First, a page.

Luxury hotelier Park Hyatt announced this week that it has signed up to be a part of Oceanwide Plaza, $1 billion, 1,488,101-square foot, mixed-use development in Downtown Los Angeles. The development would mark the brand’s first Los Angeles location.
It is unclear whether the Park Hyatt addition will change the project’s fundamental details, but previously-filed plans for Oceanwide Plaza detail the inclusion of 504 condominium units, 153,000-square feet of retail space, and a hotel with 183 guest rooms.
The project is being designed by CallisonRTKL and will be contained within a trio of high-rise towers positioned above a mid-rise retail podium outfitted as an indoor-outdoor “galleria”-style mall. A large tower, with a long exposure oriented toward the south, will contain the hotel component while two shorter, east-west oriented towers will contain the condominium units. The podium will be crisscrossed with interior paseos connecting opposing sides of the development site and is to be wrapped in a 32,000-square foot LED ribbon wall that will create a massive, splashy cornice line backing these proposed retail areas. The project will be located at the center of the ever-growing L.A. Live / Staples Center development area that includes the Los Angeles Convention Center, the partially-completed Metropolis complex, as well as many other in-process or upcoming condominium and apartment projects connected by access to Los Angeles’s Blue and Expo light rail transit lines.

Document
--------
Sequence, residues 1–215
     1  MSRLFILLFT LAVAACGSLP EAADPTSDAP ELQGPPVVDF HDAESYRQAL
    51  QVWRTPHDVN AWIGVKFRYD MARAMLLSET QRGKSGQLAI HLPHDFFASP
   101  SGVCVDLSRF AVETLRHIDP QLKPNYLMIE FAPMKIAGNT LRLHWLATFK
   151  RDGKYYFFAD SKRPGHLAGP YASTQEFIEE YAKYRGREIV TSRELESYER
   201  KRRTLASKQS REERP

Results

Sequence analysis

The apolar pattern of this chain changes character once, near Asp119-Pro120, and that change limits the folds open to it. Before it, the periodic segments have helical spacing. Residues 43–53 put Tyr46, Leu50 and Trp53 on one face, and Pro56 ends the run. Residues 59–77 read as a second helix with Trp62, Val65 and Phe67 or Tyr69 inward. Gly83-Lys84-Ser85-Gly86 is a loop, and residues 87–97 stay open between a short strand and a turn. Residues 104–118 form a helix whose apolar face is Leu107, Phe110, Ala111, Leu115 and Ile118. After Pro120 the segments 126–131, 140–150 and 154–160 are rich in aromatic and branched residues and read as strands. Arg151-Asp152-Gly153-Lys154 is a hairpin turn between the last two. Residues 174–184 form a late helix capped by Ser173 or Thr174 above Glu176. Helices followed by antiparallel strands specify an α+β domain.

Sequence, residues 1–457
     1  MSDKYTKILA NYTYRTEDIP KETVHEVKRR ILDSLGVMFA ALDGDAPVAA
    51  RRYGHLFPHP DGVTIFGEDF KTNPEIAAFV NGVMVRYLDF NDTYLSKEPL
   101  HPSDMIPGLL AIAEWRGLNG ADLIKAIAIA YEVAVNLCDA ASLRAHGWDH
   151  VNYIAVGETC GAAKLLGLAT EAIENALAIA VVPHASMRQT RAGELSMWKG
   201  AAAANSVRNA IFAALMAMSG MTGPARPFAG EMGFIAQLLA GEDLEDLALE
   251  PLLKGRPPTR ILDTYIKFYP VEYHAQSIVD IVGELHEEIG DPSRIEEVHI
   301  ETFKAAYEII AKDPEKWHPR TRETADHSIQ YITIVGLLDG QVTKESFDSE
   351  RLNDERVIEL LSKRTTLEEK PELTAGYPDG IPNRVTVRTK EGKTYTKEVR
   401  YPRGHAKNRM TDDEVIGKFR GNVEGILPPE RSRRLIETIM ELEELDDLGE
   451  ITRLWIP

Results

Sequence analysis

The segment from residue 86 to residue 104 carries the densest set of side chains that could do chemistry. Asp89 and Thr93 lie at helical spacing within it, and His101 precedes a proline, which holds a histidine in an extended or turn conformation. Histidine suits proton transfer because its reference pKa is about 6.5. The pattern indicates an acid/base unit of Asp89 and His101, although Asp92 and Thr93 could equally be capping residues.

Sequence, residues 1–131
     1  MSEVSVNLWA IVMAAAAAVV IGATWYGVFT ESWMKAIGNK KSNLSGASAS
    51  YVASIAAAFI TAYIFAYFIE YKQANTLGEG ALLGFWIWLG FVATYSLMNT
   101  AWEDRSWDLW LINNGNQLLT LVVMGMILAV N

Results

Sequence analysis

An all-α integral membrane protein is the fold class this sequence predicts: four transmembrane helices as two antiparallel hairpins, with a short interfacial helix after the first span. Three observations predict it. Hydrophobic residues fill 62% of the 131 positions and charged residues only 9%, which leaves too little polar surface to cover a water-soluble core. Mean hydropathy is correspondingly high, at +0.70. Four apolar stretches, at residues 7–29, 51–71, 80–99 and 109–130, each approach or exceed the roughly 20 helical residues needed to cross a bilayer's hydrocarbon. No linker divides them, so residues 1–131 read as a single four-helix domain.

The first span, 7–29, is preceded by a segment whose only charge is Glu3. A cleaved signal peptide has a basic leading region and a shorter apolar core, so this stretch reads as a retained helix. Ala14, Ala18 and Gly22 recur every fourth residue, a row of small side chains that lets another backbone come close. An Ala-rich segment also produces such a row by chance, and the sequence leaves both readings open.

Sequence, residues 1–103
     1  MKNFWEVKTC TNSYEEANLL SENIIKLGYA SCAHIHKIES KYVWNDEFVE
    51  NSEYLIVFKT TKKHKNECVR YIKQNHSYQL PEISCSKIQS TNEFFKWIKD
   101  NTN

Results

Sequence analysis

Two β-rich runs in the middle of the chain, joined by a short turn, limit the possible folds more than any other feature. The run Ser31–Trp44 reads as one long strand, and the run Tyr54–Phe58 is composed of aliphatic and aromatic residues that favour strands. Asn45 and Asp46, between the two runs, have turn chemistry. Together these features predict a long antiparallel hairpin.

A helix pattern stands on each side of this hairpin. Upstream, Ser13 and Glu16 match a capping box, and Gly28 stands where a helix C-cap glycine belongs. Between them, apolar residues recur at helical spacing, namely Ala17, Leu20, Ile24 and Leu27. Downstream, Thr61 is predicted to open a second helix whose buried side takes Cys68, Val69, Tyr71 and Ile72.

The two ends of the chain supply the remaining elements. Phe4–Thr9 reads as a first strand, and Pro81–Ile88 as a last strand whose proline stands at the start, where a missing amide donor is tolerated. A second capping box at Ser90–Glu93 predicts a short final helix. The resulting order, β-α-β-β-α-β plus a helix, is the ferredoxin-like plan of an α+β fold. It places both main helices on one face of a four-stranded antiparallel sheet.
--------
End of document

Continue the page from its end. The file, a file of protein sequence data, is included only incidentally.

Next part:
Located on a 4.6-acre site between 11th and 12th Streets on Figueroa, Oceanwide Plaza broke ground in late 2015 and its construction has necessitated one of the largest concrete mat pours in Los Angeles history, with crews for the construction firm Lendlease pouring an estimated 25,900 cubic yards of concrete and six million pounds of rebar for the complex’s massive foundations earlier this year.
The project is expected to be completed by the end of 2018 and will be open to habitation in early 2019. News of the Park Hyatt hotel development was first reported by the Wall Street Journal.